Example A.3. Let P [subset] [R.sup.2] be the tetragon defined by the vertices [p.sub.1] = (4, -1), [p.sub.2] = (1, 1), [p.sub.3] = (-1, 3), and [p.sub.4] = (-1, -1). Considering the convex polyhedral fan C = {[C.sub.1], [C.sub.2], [C.sub.3], [C.sub.4]} for P, where

[mathematical expression not reproducible]. (A.10)

as shown in Figure 7(a), we can represent [h.sub.P] applying Lemma 2 (b1) as [mathematical expression not reproducible].

Assuming the dgf g(r) = [(1 + [r.sup.2]/2).sup.-4,] it follows I(g) = 1/3 and C(g,P) = 1/6, since [[pi].sub.P] = 9. The random vector X ~ [[PHI].sub.g,P,[theta],[PSI]] follows the density [f.sub.g,P](x, y) = 1/6 x [(1 + [h.sub.P][(x, y).sup.2]/2).sup.-4] and first- and second-order moments are

[mathematical expression not reproducible]. (A.11)

If we wish to transform X by a linear transformation into a random vector [mathematical expression not reproducible] where [E.sub.2] denotes the two-dimensional identity matrix, we can apply Theorem 14. It follows then Y = [D.sup.-1] (X - [theta]), where D can be calculated by Cholesky decomposition of [PSI]; thus

[mathematical expression not reproducible]. (A.12)

Y then follows the density

[mathematical expression not reproducible]. (A.13)

For an illustration of the transformed contour defining tetragon [P.sup.LT] and the density level sets of the transformed density, see Figure 8.

Example A.4. Assume that the polyhedron P [subset] [R.sup.2], the dgf g, and the random vector X ~ [[PHI].sub.g,P,[theta],[PSI]] are the same as in Example A.3. Applying Theorem 16 with

[mathematical expression not reproducible], (A.14)

it follows that Y = [S.sub.2](5.74)X is [mathematical expression not reproducible] distributed, and the resulting density function allows the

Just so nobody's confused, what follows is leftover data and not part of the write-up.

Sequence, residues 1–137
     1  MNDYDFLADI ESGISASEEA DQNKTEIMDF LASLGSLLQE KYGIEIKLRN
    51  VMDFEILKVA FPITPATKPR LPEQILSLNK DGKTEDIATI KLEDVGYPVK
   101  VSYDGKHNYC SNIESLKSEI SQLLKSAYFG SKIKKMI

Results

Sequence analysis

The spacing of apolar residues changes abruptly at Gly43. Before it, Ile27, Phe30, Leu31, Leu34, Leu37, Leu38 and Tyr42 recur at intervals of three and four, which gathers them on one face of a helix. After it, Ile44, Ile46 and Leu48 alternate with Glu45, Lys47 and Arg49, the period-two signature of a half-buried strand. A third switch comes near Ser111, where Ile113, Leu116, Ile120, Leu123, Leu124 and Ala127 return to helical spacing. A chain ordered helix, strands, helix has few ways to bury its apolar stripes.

[mathematical expression not reproducible]. (A.15)

For an illustration of the transformed contour defining tetragon POT and the density level sets of the transformed density, see Figure 13.

Competing Interests

The authors declare further that there is no conflict of interests regarding the publication of this paper.

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Wolf-Dieter Richter and Kay Schicker

Institute of Mathematics, University of Rostock, Ulmenstr. 69, Haus 3, 18057

Rostock, Germany

Correspondence should be addressed to Wolf-Dieter Richter; wolf- dieter.richter@uni-rostock.de

Received 27 July 2016; Revised 2 November 2016; Accepted 3 November 2016; Published 14 February 2017

Academic Editor: Ramon M. Rodriguez-Dagnino

Caption: Figure 1: w-stars in case 0 < w < 1 (a) and in case w [greater than or equal to] 1 (b).

Caption: Figure 2: [mathematical expression not reproducible] with w = 0.25 (a) and its level sets (b).

Caption: Figure 3: [mathematical expression not reproducible] with w = 0.8 (a) and its level sets (b).

Caption: Figure 4: 2000 points (a) simulated according to [mathematical expression not reproducible] (b).

Caption: Figure 5: 2000 points (a) simulated according to [mathematical expression not reproducible] (b).

Caption: Figure 6: 2000 points (a) simulated according to [mathematical expression not reproducible] (b).

Caption: Figure 7: Tetragon P (a) and level sets of the density of X (b) in Example A.3.

Caption: Figure 8: Linear transformed contour defining tetragon [P.sup.LT] (a) and density level sets of the density of Y (b) in Example A.3.

Caption: Figure 9: Median household income and premature mortality in the counties of Georgia, averaged from 2008 through 2011 (a) and contour defining triangle P (b).

Caption: Figure 10: Simulated empirical cdf of the marginal distributions of R (a) and [PHI] (b) of the second group of data and [mathematical expression not reproducible].